Feeling at home

We are staying at our friends’ house for a few days. They are out of town so we have taken them up on their offer to stay in their apartment in gated complex where many of Guangzhou’s ex-pats live. I have been considering the experience a bit of participant observation into the ex-pat lifestyle – and the chance to lounge around a bit.

Here are a few observations:
1. We are accustomed to being in our tiny apartment where you are always within a few feet of each other. In this large apartment not only are we unable to see one another, we frequently lose each other. I will be in one room and hear the children calling for me – way off in the distance. I call back but they don’t seem to be able to hear me. What will we do when we return home to 2 stories?
2. There is a Western grocery store here in the complex so we go over there to get ingredients for dinner. We are getting a little homesick for the Chinese food we usually eat. This is especially true since the grocery store is small so we find ourselves pretty much confined to tortillas and refried beans and pasta – not many of the things we would typically buy back in the States, from what we remember, anyway. Those meals are nice but they don’t trump spicy home-style tofu, egg and spring onion bing, and noodles.
3. I am sure that if I was here longer, I might get a better sense of the lay of the land outside of the complex, but from what I can tell this complex is mostly surrounded by park land and other gated complexes. There is no mass transit and it feels a bit isolating to me – probably the reason why I opt for a walkable life when I have the chance – not just places to walk, but things to walk to.
4. There really is nothing like a soft and pillowy sofa at the end of the day and nothing like an area rug for playing on the floor.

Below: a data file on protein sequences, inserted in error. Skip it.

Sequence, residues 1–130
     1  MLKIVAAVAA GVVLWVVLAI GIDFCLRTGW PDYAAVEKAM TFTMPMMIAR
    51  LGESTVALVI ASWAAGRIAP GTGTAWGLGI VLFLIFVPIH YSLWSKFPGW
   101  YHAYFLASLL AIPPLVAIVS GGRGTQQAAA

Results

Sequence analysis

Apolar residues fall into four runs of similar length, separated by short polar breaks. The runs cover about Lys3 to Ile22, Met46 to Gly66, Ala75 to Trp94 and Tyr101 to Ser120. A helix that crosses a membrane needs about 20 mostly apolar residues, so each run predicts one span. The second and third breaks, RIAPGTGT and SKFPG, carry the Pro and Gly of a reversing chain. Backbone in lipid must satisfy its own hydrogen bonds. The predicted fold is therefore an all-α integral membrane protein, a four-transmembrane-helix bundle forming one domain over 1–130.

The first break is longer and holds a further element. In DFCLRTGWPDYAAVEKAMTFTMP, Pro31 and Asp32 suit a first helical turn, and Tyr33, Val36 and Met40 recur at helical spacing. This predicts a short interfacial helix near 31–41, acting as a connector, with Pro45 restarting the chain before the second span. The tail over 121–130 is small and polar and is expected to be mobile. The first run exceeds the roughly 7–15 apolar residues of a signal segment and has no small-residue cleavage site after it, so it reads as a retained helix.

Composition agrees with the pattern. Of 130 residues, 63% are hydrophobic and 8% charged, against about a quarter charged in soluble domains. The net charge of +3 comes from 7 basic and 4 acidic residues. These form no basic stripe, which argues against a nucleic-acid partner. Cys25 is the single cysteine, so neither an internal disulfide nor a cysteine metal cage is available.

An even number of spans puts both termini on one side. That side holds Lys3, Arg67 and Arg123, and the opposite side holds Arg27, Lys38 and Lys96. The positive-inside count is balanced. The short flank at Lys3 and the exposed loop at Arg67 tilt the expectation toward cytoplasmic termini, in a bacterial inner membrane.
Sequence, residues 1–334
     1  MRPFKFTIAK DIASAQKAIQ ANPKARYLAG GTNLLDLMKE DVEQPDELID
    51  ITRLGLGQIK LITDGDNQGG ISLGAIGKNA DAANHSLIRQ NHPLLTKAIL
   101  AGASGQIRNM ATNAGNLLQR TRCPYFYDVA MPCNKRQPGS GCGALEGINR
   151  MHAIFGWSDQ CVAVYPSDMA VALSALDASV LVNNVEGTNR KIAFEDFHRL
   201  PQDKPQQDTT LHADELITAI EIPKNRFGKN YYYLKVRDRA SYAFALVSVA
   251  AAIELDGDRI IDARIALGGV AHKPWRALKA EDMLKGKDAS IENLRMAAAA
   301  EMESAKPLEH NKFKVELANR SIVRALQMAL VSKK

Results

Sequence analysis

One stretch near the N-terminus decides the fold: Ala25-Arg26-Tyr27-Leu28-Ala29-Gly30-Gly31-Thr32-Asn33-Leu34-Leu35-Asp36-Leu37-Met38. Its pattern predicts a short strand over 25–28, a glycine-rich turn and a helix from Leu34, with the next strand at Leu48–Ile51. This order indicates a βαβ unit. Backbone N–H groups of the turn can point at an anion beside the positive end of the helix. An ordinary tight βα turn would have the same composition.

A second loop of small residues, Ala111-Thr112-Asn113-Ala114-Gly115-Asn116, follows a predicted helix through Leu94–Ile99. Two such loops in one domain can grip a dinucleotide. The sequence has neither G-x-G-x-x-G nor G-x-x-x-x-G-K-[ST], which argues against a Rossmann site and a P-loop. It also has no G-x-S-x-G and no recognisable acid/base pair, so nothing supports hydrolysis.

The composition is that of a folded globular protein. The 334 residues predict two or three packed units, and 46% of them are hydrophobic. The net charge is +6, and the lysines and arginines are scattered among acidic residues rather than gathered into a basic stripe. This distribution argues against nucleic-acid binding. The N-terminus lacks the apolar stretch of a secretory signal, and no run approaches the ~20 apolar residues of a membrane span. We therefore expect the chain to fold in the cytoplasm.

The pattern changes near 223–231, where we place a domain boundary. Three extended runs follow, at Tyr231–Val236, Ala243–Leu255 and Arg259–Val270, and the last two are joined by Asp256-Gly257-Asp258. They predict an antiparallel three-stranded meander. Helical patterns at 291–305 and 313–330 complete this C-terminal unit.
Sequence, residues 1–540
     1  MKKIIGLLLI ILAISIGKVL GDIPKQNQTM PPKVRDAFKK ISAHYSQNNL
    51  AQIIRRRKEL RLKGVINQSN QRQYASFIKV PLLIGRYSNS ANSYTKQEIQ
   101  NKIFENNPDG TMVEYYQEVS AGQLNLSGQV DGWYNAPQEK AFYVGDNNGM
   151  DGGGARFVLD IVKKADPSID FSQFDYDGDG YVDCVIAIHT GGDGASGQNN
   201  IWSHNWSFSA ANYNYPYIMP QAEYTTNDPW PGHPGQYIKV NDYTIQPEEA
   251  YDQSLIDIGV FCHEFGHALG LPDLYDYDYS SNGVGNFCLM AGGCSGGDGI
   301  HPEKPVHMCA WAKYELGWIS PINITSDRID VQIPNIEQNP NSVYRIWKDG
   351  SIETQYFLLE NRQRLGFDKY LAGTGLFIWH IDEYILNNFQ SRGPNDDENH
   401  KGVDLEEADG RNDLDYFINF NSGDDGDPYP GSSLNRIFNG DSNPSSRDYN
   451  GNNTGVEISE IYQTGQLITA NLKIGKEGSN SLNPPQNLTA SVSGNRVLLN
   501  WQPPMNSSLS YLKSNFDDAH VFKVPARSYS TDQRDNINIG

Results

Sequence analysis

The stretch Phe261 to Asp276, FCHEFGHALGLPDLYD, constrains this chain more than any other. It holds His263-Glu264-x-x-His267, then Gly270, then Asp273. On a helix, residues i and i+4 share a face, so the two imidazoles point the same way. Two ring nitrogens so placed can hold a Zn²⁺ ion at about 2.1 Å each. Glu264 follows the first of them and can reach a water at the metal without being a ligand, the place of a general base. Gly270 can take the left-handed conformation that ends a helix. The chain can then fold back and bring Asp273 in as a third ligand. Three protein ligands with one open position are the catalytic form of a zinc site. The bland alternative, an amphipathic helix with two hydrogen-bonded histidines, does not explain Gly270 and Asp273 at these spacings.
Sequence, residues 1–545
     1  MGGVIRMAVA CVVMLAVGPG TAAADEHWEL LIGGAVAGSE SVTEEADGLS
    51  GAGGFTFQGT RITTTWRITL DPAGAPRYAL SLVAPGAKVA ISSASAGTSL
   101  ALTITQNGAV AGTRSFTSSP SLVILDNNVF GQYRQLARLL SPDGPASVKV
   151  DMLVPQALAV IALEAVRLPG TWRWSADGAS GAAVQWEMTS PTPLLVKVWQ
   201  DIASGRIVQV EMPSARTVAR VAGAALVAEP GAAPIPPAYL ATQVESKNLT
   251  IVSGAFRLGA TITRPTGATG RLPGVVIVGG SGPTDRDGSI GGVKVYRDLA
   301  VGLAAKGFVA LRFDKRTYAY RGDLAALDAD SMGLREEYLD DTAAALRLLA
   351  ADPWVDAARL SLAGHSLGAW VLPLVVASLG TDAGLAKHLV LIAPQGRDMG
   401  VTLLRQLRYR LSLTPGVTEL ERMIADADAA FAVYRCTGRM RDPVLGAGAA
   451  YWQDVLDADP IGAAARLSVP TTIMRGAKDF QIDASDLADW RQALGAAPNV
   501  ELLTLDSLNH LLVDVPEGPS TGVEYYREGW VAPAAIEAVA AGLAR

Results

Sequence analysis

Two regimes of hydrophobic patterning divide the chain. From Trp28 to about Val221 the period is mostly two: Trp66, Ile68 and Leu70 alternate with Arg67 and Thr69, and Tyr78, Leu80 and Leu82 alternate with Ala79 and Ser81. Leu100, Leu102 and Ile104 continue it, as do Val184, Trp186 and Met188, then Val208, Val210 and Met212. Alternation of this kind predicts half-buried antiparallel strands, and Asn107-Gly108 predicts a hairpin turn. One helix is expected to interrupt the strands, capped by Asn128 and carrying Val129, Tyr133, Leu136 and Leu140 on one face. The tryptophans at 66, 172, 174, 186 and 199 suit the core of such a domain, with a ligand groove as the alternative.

It seems to me that a big difference between the average Chinese and American life-styles is the nature of the home. Chinese apartments are typically smaller, inhabited by more people (e.g. 3 generations instead of 2), and lacking some elements considered crucial to most American homes – a large (or any refrigerator), central heating, soft furniture, carpeting and throw pillows, clothes dryer and oven. However, it seems to me that Chinese folks spend much less time in their homes – spending more hours at work, shopping daily at the traditional market for fresh meat and produce or eating meals out at restaurants and canteens, participating in morning and evening group exercise in the parks, spending weekend hours in green spaces picnicking and playing badminton with family. Americans on the other hand, live in larger and larger houses where they have all the “necessities” and then some (e.g. a tv in every room, gargantuan refrigerators and cupboards full of months worth of pre-made and processed foods with shelf lives suited to widely-spaced supermarket trips). There is no need to leave and, given the fact there one cannot get anywhere without getting into the car, for many (the old, the young, the households lacking wheels for each resident) there is not opportunity to do so.

So, what came first the big/little home or the lifestyle that suits it? Is the American home a palace or a prison? Is the Chinese residence a home or merely a place for sleep after a day spent in the company of others. If so, do Chinese experience “home” in the sense of place associated with family, comfort and belonging?

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